Catching (help needed)

Catching (help needed)

Post by CivisEa » Sat, 10 Feb 1996 04:00:00


Most US coaches recite the mantra, "Two hands for beginners" because they
heard it a lot as kids themselves.  The players never want to hear it,
because
they are not beginners as soon as they reach pre-pubesent knowledge of all
things.  Even if they never saw a ball and thought a diamond was
forever...
IMHO, the correct way is two hands because you need to make a play, not
just
look good (or dumb, when it bounces out, ever so o  o   o  slowly).. For
intermediate players, the task is to reach in for the ball, not toss it
into the throwing hand from the glove.  That produces an error I like to
see in infielders.  
It shows they're working on quick hands, but need to work on the
"glovework".
Watch a Division 1 F6or F4 trying to turn a pivot dbl play--the glove to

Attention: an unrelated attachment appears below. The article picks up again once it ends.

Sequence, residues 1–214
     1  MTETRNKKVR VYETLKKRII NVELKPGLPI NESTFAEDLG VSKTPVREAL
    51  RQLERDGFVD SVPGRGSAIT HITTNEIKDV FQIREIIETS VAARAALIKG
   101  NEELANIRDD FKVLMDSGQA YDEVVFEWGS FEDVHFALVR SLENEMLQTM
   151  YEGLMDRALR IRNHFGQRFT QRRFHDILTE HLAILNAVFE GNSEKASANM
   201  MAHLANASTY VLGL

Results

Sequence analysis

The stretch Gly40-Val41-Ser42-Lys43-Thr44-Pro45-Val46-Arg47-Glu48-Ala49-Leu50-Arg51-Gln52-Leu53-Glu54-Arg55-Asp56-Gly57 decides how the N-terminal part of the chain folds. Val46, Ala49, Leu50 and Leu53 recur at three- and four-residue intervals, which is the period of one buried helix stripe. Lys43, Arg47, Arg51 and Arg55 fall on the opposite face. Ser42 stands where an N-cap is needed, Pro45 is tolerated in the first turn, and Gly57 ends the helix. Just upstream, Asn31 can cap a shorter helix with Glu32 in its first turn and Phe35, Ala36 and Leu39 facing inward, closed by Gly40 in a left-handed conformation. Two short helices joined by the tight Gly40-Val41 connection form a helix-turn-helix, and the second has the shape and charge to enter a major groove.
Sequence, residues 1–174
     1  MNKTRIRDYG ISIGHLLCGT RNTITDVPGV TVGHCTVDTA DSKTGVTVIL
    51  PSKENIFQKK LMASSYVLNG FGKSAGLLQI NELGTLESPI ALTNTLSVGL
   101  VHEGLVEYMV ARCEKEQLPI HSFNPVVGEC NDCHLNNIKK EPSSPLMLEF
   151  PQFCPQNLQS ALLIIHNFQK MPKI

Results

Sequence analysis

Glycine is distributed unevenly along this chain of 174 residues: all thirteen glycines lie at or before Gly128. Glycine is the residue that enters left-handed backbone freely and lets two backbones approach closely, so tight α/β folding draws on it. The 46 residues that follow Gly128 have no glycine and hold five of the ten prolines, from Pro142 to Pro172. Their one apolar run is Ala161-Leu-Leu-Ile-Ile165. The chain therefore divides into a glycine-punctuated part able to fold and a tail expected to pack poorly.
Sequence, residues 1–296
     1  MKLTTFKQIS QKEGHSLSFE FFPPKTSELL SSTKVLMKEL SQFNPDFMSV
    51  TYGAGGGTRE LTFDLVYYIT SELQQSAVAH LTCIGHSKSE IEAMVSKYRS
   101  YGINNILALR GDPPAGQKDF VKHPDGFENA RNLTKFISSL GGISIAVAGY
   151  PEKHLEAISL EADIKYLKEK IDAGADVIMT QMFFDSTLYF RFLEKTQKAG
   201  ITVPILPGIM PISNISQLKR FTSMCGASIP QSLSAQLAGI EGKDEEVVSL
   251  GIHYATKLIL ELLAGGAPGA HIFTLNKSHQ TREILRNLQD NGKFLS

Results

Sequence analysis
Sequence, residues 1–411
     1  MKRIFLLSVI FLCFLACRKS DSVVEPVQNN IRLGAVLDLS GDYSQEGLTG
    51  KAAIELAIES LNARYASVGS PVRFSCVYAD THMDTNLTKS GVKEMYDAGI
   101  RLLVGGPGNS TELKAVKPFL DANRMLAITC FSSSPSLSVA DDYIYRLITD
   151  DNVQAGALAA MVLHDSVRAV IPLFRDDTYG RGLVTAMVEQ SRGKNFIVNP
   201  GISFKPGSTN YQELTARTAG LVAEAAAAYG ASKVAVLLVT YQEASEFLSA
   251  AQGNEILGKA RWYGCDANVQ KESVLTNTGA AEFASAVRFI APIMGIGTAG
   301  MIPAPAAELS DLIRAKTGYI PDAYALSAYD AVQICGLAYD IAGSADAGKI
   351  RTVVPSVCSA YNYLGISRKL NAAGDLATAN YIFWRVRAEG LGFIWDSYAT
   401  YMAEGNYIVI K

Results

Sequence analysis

the hand
to the air is one motion.  Can't even come close if any delay.  Same in
the outfield
I think.  Everything has to be fast in fastpitch.

--Lee Humes, Woodland, Ca.

 
 
 

Catching (help needed)

Post by Jaime L. Nato » Mon, 12 Feb 1996 04:00:00

: I was brought up with the notion of letting the glove pocket do all the work.  
: I catch with the pocket perpendicular to the ball trajectory, the kid does too
: with no problems.  But.... I noticed that in the girls senior game that we
: watched last weekend that the catching method was to scoop the ball with both
: hands.  This is also taught at the kid's primary school.  Yuck!

: Is this an accepted practice or what?

: Catching with the glove alone also gives a much greater stretch distance for
: those almost-out-of-reach shots too.

: Which way is correct?

When I first started playing, I was always taught to catch with the glove
perpendicular (sideways, almost) to the trajectory of the ball.  The only
difference was that I was also taught to catch with two hands.  Granted,
catching with the glove alone is a great way to get hard-to-catch throws,
but when you "scoop" the ball with two hand, you cut back on the chance of
the ball popping out and you also have your throwing hand there to make
the next play.  Very handy for shortstop and second ba*** who have to
field/catch/turn double plays.

Jaime L. Natoli
Eckerd College
St. Petersburg, Florida